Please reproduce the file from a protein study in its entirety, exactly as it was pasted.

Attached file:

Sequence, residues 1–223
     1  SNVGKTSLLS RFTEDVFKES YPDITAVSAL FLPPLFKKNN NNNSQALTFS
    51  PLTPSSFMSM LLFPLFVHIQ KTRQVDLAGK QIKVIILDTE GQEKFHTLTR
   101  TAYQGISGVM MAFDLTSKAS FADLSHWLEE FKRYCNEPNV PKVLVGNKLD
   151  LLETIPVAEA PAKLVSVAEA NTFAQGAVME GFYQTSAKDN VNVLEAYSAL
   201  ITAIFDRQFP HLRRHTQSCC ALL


Sequence, residues 1–223
     1  SNVGKTSLLS RFTEDVFKES YPDITAVSAL FLPPLFKKNN NNNSQALTFS
    51  PLTPSSFMSM LLFPLFVHIQ KTRQVDLAGK QIKVIILDTE GQEKFHTLTR
   101  TAYQGISGVM MAFDLTSKAS FADLSHWLEE FKRYCNEPNV PKVLVGNKLD
   151  LLETIPVAEA PAKLVSVAEA NTFAQGAVME GFYQTSAKDN VNVLEAYSAL
   201  ITAIFDRQFP HLRRHTQSCC ALL